7. As for the number of elderly recipients who had chosen to take up permanent residence in Guangdong Province, DSW advised that out of the 600 approved cases, 500 were now living in Guangdong. It was as yet early for consideration to be given to extending the arrangement to other provinces as suggested by a member since Guangdong Province already covered an extensive area geographically and further details were still being worked out, but the Administration had pledged to conduct a review on the existing arrangement. DSW took note of the Chairman's request for account to be taken of medical expenses which were very expensive if the elderly were treated as non-locals in the Mainland.

8. The Committee approved the proposal.

Item No. 3 - FCR(97-98)90

Subhead 033 Home Financing Scheme

9. In response to members on the eligibility criteria and number of participants in the Home Financing Scheme (HFS), the Principal Assistant Secretary for the Civil Service (PAS/CS) advised that HFS was part of the conditions of service for officers on point 34 of the Master Pay Scale and above. There were currently about 8 000 participants in the Scheme. As regards the reason for 72 officers joining the Scheme despite a reduced entitlement period, PAS/CS reckoned that this was entirely the decision of the individual officers who might consider it an opportune time to acquire properties in view of the current property prices. The move was beneficial to the Government as this would reduce the requirement for Non-departmental Quarters.

10. On the amount of down-payment loan which an officer could get under HFS, PAS/CS explained that this was 30% of the property price or 24 months’ salary whichever was the less. As regards the interest rate for the loan, DS/Tsy advised that this was based on the principle of no-gain-no-loss to the Government. The interest rate was fixed at the mean of the monthly average of the yields of one-year and two-year Hong Kong Monetary Authority Exchange Fund Bills/Notes, and would be revised from the first day of the following month if the monthly mean showed a difference of 1% or more from the prevailing rate. The prevailing interest rate was 9.475%. In response to members’ interest on the different rates of allowances for officers on different salary bands, DS/Tsy advised that the initial rates were approved by the Finance Committee. At the request of the Chairman, PAS/CS undertook to provide the information in writing.Admin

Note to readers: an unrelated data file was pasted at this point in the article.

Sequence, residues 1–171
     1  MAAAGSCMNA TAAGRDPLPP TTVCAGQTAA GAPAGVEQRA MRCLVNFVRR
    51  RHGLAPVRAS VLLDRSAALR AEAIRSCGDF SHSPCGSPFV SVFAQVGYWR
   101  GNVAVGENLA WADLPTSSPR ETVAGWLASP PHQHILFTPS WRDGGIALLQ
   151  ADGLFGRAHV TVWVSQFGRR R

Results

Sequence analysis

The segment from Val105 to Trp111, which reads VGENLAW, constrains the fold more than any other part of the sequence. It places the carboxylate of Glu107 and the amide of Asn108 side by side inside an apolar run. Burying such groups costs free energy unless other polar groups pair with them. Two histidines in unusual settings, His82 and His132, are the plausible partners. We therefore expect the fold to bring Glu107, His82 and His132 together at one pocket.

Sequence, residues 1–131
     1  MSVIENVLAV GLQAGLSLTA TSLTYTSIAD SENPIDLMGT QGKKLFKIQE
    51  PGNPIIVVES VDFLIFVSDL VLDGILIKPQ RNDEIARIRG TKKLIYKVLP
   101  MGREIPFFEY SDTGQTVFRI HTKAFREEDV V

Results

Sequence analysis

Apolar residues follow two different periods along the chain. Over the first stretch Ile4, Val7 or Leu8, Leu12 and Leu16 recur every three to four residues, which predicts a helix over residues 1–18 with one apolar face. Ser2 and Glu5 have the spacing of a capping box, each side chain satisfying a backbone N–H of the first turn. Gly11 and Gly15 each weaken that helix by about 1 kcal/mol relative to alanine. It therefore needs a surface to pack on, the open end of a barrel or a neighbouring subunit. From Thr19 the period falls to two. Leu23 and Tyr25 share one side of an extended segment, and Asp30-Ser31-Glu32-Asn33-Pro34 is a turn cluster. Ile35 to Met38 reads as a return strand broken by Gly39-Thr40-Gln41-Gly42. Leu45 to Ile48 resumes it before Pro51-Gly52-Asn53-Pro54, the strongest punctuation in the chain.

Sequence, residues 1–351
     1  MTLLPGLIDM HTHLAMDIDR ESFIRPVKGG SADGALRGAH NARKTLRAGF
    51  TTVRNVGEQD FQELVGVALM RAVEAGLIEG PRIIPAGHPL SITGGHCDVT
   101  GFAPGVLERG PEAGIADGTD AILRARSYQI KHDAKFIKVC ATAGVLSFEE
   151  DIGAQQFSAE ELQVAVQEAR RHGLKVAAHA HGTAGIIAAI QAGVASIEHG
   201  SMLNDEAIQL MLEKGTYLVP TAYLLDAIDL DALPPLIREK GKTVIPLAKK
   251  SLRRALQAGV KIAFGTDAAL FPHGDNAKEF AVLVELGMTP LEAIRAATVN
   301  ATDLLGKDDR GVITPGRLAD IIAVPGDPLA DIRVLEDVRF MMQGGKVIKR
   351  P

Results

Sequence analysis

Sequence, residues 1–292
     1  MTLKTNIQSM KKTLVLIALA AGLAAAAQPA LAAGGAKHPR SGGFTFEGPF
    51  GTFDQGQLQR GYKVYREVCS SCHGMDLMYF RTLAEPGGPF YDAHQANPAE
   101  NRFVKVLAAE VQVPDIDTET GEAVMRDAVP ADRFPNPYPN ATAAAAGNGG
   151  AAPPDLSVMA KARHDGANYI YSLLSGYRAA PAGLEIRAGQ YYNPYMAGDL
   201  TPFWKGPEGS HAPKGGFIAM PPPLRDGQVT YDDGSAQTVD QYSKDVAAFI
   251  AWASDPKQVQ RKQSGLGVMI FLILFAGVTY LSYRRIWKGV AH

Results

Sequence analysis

11. The Committee approved the proposal.

Item No. 4 - FCR(97-98)91

Subhead 700 General other non-recurrent
New item "Second Railway Development Study"

12. Given that the First Railway Development Study (RDS-1) was completed in 1994 at a cost of $16 million, members queried the need for conducting the Second Railway Development Study (RDS-2), which appeared to be a supplementary study, within such a short period of time and at a significantly higher cost of $35 million.